How the Walkman Changed Music

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Keith Richards recalls the effect of portable cassette recording on his music, part of a new tribute to the just-discontinued Walkman by my friend and historian of popular technology Phil Patton, at designobserver.com:

Just as turntables influenced the birth of hip hop, the often overlooked cassette player helped in song writing and affected the way he played the guitar.

"I'd discovered a new sound I could get out of acoustic guitar," he writes. "That grinding dirty sound came out of these crummy little motels where the only thing you had to record with was this new invention called the cassette recorder....Suddenly you had a very mini studio. Playing acoustic, you'd overload the Philips cassette player to the point of distortion so that when it played back it was effectively an electric guitar. You were using the cassette player as pick up and amplifier at the same time. We were forcing acoustic guitars through a cassette player, and what came out the other end was electric as hell."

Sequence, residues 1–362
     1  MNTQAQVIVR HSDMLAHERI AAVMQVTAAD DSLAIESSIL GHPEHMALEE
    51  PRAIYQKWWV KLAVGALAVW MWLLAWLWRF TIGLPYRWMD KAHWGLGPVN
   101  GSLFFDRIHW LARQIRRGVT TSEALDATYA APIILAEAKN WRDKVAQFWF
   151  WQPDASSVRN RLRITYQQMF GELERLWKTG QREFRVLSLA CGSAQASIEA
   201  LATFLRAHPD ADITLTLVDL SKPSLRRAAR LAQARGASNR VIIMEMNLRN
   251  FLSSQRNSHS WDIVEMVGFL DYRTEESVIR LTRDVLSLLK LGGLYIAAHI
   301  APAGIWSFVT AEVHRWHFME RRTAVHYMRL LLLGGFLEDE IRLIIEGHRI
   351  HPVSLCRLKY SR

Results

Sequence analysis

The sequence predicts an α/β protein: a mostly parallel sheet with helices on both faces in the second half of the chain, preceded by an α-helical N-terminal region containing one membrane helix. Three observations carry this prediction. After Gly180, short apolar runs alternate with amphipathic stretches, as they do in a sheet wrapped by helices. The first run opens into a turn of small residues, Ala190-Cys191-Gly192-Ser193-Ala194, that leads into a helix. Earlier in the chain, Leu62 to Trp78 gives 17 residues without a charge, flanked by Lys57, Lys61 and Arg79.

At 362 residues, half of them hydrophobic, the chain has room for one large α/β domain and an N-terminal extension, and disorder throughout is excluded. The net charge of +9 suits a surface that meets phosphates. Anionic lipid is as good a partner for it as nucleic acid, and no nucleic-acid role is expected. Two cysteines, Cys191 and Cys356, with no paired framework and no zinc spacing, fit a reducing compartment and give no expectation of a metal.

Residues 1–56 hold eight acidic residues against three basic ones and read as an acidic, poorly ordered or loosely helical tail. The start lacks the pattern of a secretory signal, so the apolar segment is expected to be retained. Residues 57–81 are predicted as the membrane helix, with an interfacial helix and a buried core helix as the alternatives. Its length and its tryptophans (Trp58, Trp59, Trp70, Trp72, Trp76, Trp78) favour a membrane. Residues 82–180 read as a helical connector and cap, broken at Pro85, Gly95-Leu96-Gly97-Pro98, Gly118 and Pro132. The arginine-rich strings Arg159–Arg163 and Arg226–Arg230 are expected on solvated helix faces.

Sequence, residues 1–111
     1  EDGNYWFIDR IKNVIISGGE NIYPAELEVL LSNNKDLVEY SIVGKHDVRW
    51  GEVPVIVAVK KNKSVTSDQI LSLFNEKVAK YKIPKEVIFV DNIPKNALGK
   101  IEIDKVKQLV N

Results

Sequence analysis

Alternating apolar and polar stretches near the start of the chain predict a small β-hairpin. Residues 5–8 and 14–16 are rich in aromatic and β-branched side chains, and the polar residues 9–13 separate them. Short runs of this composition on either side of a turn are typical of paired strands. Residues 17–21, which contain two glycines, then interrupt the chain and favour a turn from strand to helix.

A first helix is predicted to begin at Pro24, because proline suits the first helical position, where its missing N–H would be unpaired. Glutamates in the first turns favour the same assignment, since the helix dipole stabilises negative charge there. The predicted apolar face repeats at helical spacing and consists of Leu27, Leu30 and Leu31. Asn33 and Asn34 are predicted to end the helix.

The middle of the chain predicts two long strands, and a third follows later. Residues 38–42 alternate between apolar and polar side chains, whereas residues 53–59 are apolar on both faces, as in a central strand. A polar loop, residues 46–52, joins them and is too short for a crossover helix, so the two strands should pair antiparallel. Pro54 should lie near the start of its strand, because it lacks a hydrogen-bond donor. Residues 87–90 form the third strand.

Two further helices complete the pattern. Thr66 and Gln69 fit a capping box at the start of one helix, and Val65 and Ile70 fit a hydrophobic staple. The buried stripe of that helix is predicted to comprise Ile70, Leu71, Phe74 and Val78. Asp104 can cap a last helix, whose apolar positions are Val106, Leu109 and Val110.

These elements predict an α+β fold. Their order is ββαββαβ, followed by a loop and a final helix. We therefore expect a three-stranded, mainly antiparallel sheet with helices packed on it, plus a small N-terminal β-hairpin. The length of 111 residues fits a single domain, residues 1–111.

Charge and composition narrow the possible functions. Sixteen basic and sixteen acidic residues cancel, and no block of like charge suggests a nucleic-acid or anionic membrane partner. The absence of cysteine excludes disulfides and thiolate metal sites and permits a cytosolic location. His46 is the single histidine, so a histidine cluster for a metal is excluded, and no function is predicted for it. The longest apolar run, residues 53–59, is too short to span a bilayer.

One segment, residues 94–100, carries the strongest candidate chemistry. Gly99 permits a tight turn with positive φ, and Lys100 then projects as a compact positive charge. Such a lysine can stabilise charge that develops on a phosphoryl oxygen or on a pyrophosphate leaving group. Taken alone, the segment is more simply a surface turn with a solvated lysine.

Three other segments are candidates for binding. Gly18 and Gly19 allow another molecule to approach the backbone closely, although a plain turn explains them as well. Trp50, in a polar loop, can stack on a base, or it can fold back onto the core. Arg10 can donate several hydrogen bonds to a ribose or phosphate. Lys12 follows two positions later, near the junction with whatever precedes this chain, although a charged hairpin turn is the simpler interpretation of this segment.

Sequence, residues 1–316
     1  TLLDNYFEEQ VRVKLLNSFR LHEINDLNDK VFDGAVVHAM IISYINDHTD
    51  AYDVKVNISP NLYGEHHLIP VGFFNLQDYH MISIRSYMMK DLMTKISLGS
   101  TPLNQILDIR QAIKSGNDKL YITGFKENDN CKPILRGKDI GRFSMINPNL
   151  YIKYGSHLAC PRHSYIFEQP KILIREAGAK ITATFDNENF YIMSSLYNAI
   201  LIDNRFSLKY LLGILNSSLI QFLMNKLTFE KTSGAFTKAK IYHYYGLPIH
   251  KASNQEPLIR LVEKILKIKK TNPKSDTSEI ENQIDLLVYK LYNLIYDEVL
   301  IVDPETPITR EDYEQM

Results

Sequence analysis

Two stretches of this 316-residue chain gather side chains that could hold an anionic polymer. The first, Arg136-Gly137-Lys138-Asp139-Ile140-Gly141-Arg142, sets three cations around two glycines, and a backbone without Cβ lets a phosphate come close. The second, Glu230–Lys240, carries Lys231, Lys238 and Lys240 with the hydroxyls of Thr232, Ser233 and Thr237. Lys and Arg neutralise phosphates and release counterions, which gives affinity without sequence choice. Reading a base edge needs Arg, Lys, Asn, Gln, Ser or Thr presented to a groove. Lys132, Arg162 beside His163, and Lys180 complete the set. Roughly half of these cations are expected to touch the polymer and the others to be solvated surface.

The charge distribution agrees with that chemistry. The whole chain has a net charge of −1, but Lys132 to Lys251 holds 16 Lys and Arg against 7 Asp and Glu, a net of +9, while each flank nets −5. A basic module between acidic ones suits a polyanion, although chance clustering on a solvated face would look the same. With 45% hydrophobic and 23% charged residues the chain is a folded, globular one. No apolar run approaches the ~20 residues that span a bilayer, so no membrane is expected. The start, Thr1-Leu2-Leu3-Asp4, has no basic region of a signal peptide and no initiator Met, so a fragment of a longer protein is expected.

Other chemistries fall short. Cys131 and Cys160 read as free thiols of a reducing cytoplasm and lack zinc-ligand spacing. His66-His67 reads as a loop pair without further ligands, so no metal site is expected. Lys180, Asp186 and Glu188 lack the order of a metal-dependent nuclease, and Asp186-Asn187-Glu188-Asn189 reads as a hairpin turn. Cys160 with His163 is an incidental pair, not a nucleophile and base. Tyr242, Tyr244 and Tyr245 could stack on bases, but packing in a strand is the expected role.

One precedent not mentioned: Bing Crosby's development of the crooning style made possible by the introduction of the electric microphone in 1926, which freed recording singers from the tyranny of having to shout into an old-style horn. Especially in the arts, it's nice to be reminded of positive unintended consequences.

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Edward Tenner is a historian of technology and culture. He was a founding advisor of Smithsonian's Lemelson Center and holds a Ph.D in European history. More

Edward Tenner is an independent writer and speaker on the history of technology and the unintended consequences of innovation. He holds a Ph.D. in European history from the University of Chicago and was executive editor for physical science and history at Princeton University Press. A former member of the Harvard Society of Fellows and John Simon Guggenheim fellow, he has been a visiting lecturer at Princeton and has held visiting research positions at the Institute for Advanced Study, Woodrow Wilson International Center for Scholars, and the Princeton Center for Information Technology Policy. He is now an affiliate of the Center for Arts and Cultural Policy of Princeton's Woodrow Wilson School. He was a founding advisor of Smithsonian's Lemelson Center, where he remains a senior research associate.

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